The whole Yucatan Peninsula is basically just one huge sheet of limestone rock. In fact the whole place is extraordinary flat, with very few bumps that don’t even come close to being hills. Neither are there any lakes, rivers, or bodies of water of any kind on the peninsula. The only way for ancient people to have any sort of a water supply was to live near a cenote. Cenotes are actually sinkholes, which are formed when the limestone on the surface of the earth collapses and fills with water. There are hundreds, perhaps thousands, of cenotes on the Peninsula. There are at least 5 of them within a couple miles of Tinum. The water in these cenotes is perfectly clear, blue, and refreshing… …when you can reach the water. The water table sits about 75 ft below the surface, so usually getting in the water would require a high dive, ... with no way back out. But there are some that you can get into, and one of these is near Tinum. We decided to visit it one day, and packed our bags with lots of rope, flashlights, candles, and our bathing suits. We pedaled our bikes about 3 miles down the road, then turned off on a narrow, rocky path used by the Mayans to get to there fields. Turning off from the path into the jungle, we suddenly stopped before we could fall into a big hole in the ground, a cenote. It was almost 30 ft across, impossibly deep, and we threw a rock down into the water, to watch the splash far below us and to see the fish swimming around. Birds flew out of their nests at the sound. Then we turned back to the path and followed it a little farther. Turning aside again, into a twist of the jungle that hardly ever appeared to have been walked on, we heaved our bikes through the vines, and swatted at a few mosquitoes wakened by our passing. Convinced then that our bikes were sufficiently hidden and having seen no one the whole trip anyway, we left them, grabbed the rope and the lights, and walked to a little tiny hole in the ground, maybe 5 ft across, that we could just step into, and follow down crouching for another 10 ft, until we came to a very black hole. Here’s where we would need the rope. We climbed back out, tied the rope to a tree, and tried again. We shined our lights into the black hole, which was about 12 ft. deep, and found an old ladder made of branches and a sturdy pole left there for an aide. Using the rope and the ladder, we made our way down, breaking the ladder in the process, because it had been tied together with vines that had rotted. Once on the bottom, we clipped our flashlights to our belts, lit the candles, and started stepping down into the cave. Soon the shafts of daylight disappeared entirely, and it was eerily dark and quiet. Our trip took us down into the heart of the earth, and our candlelight flickered as we followed an old string and piles of rocks previously placed once upon a time, to keep one from straying off the path. In some parts, the roof would dip so low that we were forced to crawl for a ways. Other places, we could barely see the ceiling, and stalactites and stalagmites were everywhere, and the walls all shades of whites and blues and reds. Sometimes our way would take us under sleeping bats, and when we shined a light on them, they appeared to have no eyes. If the light stayed too long, they would wake up and take flight in a silent rush of wings, and only being a foot or so from them, we couldn’t help flinching and ducking, but they never touched us. In one section of the cave, we came upon hundreds of tiny white stalagmites hanging from the ceiling, all smaller than your little finger, with little drops of water hanging off of them. And then suddenly the floor under our feet started to get a little damp and squelchy, and we decided to take off our shoes, put on our swimsuits, and continued on. The floor kept getting wetter, and the walls narrowed until our shoulders could almost touch both sides, and the caved weaved back and forth, still narrow, until suddenly, ... was that daylight ahead? And then all of a sudden we came upon the cenote that we had seen from above in the jungle, only instead of being on top of it, we had come out right at the waters edge. We could look up and see the trees waving in the wind, and a huge root of a tree, growing all the way down into the water, with vines chasing up it, and butterflies flying around. And the water! I dipped my hand into it, and I could see far down into the water, but the bottom was too deep to think about. It was refreshingly cool, and we couldn’t wait to jump into it and clean off our dirty hands and knees from crawling around in the bat guano. I put a pair of goggles on, to see into the water, and leaped out into the cenote from that narrow opening. Out in the middle of the cenote, at midday, came a small but bright ray of sun from the opening high above. It was brilliantly sunny this day, and the sun shone down in the rippling waters as I swam towards the light. And right there in the middle, was a huge mostly submerged fallen tree, and we could stand on its limbs to rest waist high there in the cool water and feel the sun on our arms and faces. And when we stood still enough, the fish would nibble at our toes. ****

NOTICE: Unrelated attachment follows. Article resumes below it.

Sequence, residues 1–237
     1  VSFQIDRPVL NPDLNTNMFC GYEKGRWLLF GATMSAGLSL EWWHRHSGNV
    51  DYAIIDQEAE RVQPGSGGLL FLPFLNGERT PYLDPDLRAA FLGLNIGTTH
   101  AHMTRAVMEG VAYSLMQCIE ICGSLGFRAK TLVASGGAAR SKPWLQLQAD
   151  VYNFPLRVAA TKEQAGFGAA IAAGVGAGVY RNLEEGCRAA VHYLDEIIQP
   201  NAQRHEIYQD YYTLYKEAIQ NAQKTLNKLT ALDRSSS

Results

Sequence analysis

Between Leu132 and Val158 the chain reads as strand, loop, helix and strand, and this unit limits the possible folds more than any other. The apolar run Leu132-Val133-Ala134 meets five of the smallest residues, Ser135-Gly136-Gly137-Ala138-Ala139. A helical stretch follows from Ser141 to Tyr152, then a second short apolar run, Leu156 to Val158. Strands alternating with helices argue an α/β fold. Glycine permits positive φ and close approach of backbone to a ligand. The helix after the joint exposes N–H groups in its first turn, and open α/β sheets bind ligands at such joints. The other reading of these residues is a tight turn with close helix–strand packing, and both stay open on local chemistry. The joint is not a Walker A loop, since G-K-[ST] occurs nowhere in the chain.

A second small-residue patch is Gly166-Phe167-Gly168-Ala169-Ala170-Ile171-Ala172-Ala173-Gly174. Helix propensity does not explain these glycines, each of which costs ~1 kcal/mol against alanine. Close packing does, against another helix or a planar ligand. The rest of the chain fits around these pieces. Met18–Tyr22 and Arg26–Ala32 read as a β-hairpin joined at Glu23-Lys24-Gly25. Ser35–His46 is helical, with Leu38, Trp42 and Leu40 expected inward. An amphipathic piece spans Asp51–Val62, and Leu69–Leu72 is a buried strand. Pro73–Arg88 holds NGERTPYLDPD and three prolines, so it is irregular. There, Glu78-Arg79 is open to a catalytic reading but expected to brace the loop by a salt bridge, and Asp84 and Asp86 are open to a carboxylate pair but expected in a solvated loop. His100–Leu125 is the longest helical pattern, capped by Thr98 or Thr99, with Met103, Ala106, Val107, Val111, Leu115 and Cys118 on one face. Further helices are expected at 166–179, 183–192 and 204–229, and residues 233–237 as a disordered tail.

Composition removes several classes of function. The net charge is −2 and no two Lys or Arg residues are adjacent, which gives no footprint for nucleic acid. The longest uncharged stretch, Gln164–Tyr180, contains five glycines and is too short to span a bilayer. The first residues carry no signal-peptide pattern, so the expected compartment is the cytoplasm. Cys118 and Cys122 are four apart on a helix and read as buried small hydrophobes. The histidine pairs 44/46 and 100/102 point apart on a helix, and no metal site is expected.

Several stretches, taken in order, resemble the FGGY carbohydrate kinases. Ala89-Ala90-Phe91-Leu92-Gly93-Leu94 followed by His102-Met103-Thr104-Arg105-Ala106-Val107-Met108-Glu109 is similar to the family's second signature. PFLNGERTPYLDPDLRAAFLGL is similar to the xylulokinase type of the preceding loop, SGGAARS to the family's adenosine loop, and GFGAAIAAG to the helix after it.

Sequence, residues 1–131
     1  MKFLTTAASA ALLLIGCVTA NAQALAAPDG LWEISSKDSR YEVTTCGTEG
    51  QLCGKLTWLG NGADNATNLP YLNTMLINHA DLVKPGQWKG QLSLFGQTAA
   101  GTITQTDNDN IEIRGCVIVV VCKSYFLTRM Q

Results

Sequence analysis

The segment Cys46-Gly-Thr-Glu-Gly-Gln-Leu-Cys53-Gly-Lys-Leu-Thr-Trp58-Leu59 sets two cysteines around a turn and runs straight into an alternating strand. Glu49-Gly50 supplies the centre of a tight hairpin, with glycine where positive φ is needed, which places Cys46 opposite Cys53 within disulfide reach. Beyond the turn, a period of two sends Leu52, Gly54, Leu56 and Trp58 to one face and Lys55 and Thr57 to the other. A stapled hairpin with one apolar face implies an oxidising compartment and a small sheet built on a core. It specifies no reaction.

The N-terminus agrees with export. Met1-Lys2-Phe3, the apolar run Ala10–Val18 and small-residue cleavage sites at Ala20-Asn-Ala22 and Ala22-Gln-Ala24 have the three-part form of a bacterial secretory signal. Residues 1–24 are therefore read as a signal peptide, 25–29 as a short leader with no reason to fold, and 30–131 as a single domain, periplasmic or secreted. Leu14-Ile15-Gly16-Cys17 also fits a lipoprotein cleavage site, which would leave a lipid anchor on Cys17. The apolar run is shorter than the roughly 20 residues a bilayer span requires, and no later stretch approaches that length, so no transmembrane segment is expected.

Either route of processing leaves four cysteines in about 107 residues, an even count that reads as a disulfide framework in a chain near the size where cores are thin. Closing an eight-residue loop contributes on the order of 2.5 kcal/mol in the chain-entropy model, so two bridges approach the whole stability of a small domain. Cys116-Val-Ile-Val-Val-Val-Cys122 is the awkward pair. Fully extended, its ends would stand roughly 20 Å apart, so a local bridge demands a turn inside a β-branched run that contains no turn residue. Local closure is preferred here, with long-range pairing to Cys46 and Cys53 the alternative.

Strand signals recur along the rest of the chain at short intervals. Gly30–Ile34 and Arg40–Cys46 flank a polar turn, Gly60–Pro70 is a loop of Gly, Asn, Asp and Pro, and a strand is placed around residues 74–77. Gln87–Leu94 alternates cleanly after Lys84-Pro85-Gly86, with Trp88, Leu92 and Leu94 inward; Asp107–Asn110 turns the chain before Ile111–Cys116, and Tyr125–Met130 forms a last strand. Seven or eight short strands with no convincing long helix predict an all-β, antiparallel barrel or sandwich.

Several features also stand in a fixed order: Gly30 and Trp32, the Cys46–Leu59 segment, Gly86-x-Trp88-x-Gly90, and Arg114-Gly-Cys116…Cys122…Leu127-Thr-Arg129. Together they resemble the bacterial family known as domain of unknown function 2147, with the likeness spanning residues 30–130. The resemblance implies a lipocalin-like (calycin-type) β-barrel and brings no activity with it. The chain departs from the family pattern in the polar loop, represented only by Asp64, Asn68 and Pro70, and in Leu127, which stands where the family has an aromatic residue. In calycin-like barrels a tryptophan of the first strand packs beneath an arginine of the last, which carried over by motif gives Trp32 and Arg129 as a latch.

Getting inspired one morning, we decided to ride our bikes to Valladolid. It’s the second largest city in the Yucatan, although it’s not really that big, and it’s only 21 kilometers away (13 miles). We fought against the prevailing east wind all the way there, and then went swimming in yet another cenote to cool off, this one in the heart of the city. Tourists actually get charged money to enter this one, whose roof has partially fallen in and therefore has become easy to enter. Rock steps have been built down to the water level, but we jump from a ledge 6 ft. above the water, and I land in the water like a frog. We are quickly cooled off, and after sunning ourselves on the hot rocks, we jump in the water again, and then decide it’s time to ride home. This time we have the strong east wind at our backs, and we literally fly. Halfway home, we pass through the village of Uayma (pronounced why-mah). We ride slowly, though this tiny place, seeing all the sights and smells and smoke coming from the yards. Robs suddenly says STOP, because he wants me to see something, and he nonchalantly just walks into a yard, where a old man is sitting on a banquillo, with a bucket of ear corn in front of him. Of course, I follow, knowing that Rob has just gotten us into another adventure, and we start talking to the man and helping him. Turns out that he is desgranando (shelling corn), and the 1/2 bushel of corn that he has in front of him will last for about 2 days, to make tortillas and to feed their chickens and turkeys and pigs. So shelling ear corn is a job that always needs to be done, and we sit down and learn how to do it. There are techniques to do this efficiently (how about using a combine, is what I’m thinking), and I am patiently taught by the old man, who loves the chance to sit and chat while we work. Rob uses an old cob to save his fingers, but I jump in with both hands and start ripping off kernels. Well, it works for a while, but my fingers are pretty wimpy and they are soon red and sore. We work until there is a good layer of kernels in the pan instead of cobs, and the chickens that wander under my legs steal a kernel or two. We chat until the sun almost sets, and then, with our fingers hurting, the man thanks us for the help, and we ride off again with the wind at our backs. ****

What is a vacation without a trip to the beach. Cancun is nice, but it can be rather expensive and is also full of gringos (Americans). Isla Mujeres is an island just off the coast of Cancun, and we set our sights to go there. The slow boat to get there costs 25 pesos, and it is a 45 minute introduction to the beautiful clear, blue waters and the slow pace of life. Once on the island, motor scooters and bicycles rule the roads, and the ocean breeze cooled us down. After finding a good hotel, we had to go for a swim at sunset, and the lazy waves on the west shore felt like heaven. The next morning, the wind died down and it became a perfect day to snorkel. We rented a little boat, and the owner took the 2 of us to the lighthouse, where the fish love to hang out on the reefs. We spent 2 hours with our faces in the water, hearing the sound of our bubbles and watching the brightly colored fish swim underneath us. There were too many to see them all, rainbow fish, purple ones, blue ones, yellow ones, striped ones, green ones, big orange ones, tiny white ones, and silvery fish with big teeth hanging in the shadows. We glued our faces to the water as a school yellow and white fish swam around us, coming up to look in our masks, yet evading our paddling hands. We swam until the backs of our legs were sunburnt, and our arms were tired. Then we climbed back into the boat, and went to the beach for a fish lunch. Our guide cooked the huge filet of fish, and then handed us heaping plates of fish, rice, corn tortillas, onions, limes, and hot sauce. I loved making little tacos with fish and rice and onions, and then pouring some lime juice on top. We ate until we were stuffed, and there still was fish left. Then we climbed to the front of the boat, laying in the sun and relaxing for the slow boat ride home. It was still early afternoon, and with a little energy left, but not enough to rent bicycles, we rented a little motor scooter and took a tour of the island. It is about 1/2 mile at the widest, and some places narrower. It is about 6 miles long, and our scootor made it around 4 times before we almost ran out of gas.